Today marked the close of the Universal Sadness Issue, and we’re leaving you with one last scorched nugget of heart-rending ruination. It’s the tale of one Patty Pirro. He’s an on-and-off homeless man who’s lived in the Greenpoint neighborhood of Brooklyn since birth. The guy oozes sorrow from every pore, and unlike a large portion of NYC’s homeless population, Patty is not mentally disturbed or unable to look for work. He’s just had a shitty go of it is all. We know that sounds a little naïve, but after hearing every last detail of his exponentially increasing downward spiral over the past two decades, there’s really no other way to put it. We’ve compressed his life story down to about 2,000 words, which is a little unfair. Still, it’s enough space to get into regular beatings from his father, a dead girlfriend, a stint at Rikers Island for attempted murder, a few bouts of homelessness, and more despondency than you will ever experience in your entire life. Keep reading if you want to put your own problems into perspective.
When you’re born you don’t know what life is. You open up your eyes and see people’s faces but you don’t know their names until you get older. Then you find out what they’re all about, what type of people they really are. That’s what it was like with my father. When I was a little kid he would come home drunk and I would watch him beat my mother, but I didn’t know what was happening. Once I grew up I understood what he really was—an alcoholic.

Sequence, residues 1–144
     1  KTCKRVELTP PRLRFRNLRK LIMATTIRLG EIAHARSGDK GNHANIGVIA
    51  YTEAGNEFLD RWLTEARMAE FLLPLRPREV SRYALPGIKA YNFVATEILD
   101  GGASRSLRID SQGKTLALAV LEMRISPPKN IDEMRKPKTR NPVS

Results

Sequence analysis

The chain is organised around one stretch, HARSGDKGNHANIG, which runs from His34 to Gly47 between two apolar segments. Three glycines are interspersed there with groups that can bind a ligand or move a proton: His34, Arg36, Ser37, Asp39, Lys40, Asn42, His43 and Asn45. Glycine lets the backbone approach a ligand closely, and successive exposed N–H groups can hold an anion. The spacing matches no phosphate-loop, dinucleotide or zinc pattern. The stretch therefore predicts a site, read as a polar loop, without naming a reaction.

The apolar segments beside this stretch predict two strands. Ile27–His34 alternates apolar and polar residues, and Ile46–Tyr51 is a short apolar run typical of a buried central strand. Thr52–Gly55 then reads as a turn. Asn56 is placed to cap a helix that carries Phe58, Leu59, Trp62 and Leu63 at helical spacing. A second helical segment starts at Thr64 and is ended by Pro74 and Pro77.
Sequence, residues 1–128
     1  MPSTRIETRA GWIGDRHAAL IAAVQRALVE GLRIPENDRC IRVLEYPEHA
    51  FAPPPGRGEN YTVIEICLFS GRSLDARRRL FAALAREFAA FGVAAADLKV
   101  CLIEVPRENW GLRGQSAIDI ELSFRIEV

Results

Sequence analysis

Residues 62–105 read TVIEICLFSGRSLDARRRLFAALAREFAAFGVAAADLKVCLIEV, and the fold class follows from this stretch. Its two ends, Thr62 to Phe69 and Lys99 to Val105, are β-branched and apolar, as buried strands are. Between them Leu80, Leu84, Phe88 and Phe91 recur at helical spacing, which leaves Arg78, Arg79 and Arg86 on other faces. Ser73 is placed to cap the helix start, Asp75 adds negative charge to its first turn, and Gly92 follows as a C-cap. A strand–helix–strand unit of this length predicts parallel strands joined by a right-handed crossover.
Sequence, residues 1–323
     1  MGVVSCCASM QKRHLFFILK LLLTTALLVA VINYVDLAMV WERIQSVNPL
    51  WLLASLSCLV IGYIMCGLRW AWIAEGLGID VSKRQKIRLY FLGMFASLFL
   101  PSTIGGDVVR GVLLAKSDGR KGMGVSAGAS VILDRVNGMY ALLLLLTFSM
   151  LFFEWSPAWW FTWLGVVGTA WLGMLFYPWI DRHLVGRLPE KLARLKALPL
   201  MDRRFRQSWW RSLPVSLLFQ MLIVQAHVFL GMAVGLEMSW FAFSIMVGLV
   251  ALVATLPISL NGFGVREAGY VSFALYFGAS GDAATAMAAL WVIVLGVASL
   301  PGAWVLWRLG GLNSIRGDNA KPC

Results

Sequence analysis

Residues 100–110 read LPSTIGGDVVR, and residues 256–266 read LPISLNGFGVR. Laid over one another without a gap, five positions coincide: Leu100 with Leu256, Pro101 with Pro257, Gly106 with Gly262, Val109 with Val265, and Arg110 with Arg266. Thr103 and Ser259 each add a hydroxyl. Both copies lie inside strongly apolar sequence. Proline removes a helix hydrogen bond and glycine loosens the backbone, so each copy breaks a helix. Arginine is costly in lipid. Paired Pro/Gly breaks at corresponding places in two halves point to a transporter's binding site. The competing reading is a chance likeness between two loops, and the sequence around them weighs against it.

Early on in school I used to get my ass kicked a lot. Then I’d come home, my dad would see me, and he’d get me in the corner to teach me a lesson. Every time I went out in the street I had to fight or I’d get a beating upstairs. That went on for years until one day I just got sick of it. I fought back and put some guy in the hospital. They arrested me so I called my father: “Dad, I’m in jail.” “Good. Stay there.” Click. That’s when I knew I’d become bad, just like him. When I got out I started drinking.
As I got older it became harder. I came back home and things were even worse. He was still beating my mom and me all the time. Around my 18th birthday I saw him smacking her around and had enough. He said, “What are you a tough guy now?” And I answered, “Yeah… you taught me to be a monster and now I am one.” So we went out into the yard to have a fistfight, but all the neighbors—his friends—tried to stop us. He left, didn’t come back for a week, and my mom sent me to my Uncle Charlie’s. It was totally different. Uncle Charlie was like a different type of father. He’d sit me down and teach me things. And he was in the United States Air Force—three tours of Korea, four tours of Vietnam. His whole family was in the military. So I decided I’d try the marines, but they didn’t accept me because I’ve been deaf in my right ear since I was born.